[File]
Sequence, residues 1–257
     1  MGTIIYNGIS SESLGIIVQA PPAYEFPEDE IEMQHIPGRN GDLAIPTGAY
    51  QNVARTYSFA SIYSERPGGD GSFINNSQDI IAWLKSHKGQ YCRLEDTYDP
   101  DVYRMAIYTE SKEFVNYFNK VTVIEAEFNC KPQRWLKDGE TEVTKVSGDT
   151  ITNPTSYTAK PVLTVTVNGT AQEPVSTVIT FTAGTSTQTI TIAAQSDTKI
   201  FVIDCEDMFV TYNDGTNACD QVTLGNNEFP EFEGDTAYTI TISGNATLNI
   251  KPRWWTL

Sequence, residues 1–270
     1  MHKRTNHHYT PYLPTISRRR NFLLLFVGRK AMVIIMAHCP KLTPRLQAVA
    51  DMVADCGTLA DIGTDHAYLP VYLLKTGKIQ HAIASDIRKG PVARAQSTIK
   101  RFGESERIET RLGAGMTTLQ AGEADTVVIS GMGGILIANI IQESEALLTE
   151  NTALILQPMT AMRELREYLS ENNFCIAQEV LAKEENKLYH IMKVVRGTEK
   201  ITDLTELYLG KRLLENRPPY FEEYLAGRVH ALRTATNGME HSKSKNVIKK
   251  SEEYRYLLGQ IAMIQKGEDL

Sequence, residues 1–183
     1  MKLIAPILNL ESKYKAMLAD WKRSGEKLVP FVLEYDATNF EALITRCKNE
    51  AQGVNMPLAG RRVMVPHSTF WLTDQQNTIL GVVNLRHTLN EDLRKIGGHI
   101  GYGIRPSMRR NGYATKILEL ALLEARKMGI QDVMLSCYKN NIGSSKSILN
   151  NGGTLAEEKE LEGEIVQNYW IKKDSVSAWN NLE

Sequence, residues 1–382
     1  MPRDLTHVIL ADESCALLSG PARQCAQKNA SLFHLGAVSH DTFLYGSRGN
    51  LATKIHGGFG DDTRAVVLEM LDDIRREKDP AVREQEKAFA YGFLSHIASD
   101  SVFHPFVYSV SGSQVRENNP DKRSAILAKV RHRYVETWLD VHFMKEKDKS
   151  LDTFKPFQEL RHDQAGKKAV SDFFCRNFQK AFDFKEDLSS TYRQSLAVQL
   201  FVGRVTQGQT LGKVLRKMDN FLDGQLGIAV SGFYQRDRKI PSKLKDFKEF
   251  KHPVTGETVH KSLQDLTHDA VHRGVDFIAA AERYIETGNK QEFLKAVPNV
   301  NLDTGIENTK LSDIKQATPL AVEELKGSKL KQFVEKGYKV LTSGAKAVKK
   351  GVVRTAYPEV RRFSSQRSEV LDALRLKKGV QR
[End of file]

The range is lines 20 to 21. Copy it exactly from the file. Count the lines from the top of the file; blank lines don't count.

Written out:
Sequence, residues 1–382
     1  MPRDLTHVIL ADESCALLSG PARQCAQKNA SLFHLGAVSH DTFLYGSRGN